nts in two or

mportant progress has ▓been made in most countries to reduce poverty, the number of children living in poverty c▓ontinues to be high. Countries affected by conflict are ▓seeing a rapid regression of gains made in past decades.The UNICEF study's key findings include:-- Lack of education was found to be one of the key drivers of inequality and p▓overty for children. Children who live in househ▓olds that are headed by an uneducated family member are twice as likely to live in poverty. One quarte

r of children aged 5 to 17 are not enrolled in school or have fallen two grades behind.-- Almost half of all children live in inadequate housing with poor flooring and overcrowding.-- Almost half of all children are not fully immunized or were born t

care, safe

water,

g water. More than one third ▓of children live in homes with no tap water.Major challenges stand in the way of me

sanitation an

  1. d acces▓s to informatio
  2. n."Child poverty is about so mu
  • ch more than family incom
  • e -- it's about access ▓to qual

ity educatio

asuring the impact of poverty on children and taking collective action towards poverty alleviation. To▓ start with, countries in the region

n, healthcare, a

don't consistently collect data on poverty while widespread and ongoi▓ng violence and displacement make it extre▓mely difficult to get data from conflict-affected countries.Absence of a full understanding of children's reality, including the most marginalised or invisible, risks that existing policies and a▓ctions fall short from addressing child poverty effectively."The return on investing in the most vulnerable children now is a peaceful and prosperous regio▓n in the future," Cappelaere said. "It takes a combinat▓ion of true leadership and courageous public and private investment from governm▓ents, civil society, private sector, individuals and the in▓ternational community."Please scan the QR Code to ▓follow us on InstagramPlease scan the QR Code to follow us ▓on WechatNumber o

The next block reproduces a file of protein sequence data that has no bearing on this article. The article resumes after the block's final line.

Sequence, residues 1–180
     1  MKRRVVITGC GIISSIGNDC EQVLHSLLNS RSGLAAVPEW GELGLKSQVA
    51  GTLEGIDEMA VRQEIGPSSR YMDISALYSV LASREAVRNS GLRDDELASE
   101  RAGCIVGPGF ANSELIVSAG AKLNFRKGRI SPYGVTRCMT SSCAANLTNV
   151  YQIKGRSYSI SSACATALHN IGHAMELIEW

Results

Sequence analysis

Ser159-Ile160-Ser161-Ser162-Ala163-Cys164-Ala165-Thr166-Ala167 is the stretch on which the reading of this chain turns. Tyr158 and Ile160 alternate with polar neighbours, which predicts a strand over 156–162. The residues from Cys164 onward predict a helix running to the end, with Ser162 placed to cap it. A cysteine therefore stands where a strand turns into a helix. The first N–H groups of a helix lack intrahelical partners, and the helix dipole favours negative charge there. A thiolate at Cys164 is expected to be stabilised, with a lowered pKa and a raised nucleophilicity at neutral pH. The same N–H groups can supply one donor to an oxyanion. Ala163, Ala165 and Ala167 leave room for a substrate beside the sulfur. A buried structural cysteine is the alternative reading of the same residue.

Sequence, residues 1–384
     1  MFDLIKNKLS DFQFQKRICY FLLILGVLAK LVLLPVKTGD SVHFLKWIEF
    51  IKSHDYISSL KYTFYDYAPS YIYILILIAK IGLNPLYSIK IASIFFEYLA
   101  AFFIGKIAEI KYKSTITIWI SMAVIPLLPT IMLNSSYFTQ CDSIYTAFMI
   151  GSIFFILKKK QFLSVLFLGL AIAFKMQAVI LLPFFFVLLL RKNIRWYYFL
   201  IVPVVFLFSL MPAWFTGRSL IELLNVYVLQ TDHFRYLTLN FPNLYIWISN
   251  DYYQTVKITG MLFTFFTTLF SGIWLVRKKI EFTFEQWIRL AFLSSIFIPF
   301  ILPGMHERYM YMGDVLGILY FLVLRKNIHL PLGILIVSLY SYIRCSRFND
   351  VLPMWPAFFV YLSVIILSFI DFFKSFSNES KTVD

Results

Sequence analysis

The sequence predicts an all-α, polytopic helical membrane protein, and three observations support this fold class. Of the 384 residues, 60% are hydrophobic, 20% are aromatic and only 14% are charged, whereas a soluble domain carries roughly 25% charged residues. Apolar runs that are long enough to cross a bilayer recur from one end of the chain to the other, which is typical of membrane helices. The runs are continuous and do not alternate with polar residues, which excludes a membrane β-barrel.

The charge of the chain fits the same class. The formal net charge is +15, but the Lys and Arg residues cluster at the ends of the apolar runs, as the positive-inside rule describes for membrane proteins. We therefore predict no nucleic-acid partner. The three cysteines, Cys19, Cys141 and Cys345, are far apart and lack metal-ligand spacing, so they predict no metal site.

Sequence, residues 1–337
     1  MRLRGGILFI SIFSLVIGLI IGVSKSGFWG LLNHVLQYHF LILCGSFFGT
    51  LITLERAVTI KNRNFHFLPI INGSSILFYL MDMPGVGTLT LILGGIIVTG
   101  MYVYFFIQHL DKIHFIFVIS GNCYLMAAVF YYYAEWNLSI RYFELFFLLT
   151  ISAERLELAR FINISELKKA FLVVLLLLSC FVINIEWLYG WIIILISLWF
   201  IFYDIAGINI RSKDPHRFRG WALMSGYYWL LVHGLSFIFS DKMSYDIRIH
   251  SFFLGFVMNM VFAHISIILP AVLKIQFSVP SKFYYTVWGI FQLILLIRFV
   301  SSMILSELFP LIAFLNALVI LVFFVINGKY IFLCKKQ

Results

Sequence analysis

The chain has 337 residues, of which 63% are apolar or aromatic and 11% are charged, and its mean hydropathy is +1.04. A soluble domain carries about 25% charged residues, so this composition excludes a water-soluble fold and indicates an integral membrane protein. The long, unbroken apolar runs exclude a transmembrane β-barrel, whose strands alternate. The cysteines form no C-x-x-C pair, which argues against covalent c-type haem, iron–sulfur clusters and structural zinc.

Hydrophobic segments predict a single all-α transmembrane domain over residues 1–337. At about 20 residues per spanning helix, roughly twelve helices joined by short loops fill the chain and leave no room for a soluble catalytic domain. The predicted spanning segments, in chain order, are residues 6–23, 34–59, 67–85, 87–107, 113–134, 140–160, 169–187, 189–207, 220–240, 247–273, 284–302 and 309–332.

home and safe

f children aged under 15 falls to record low in JapanNumber of▓ children aged under 15 falls to record low i▓n JapanNumber of children aged under 15 falls to record low in Japan05-05-2017 07:55 BJTTOKYO, May 4 (Xinhua) -- The nu▓mber of children aged under 15 in Japan fell for▓ the 36th straight year to record low, the J▓apanese government


e, the UNI

said Thursday.According to statistics fro▓m Japan's Ministry of Internal Affairs and Communications, the number of children aged under 15 dropped to 15.71 million as of April 1, the lowest level since data beca▓me available in 1950.The ratio of children aged under 15 to the overall population also dropped to a reco▓rd-low of 12.4 percent, d

CEF regional direc

own for the 43rd straight year, government data showed.Regionally, among Japan's 47 prefectures, only Tokyo had more children as of Oct. 1, 2016 than a year earlier, while other prefectures all suffered a decline in the number of chil

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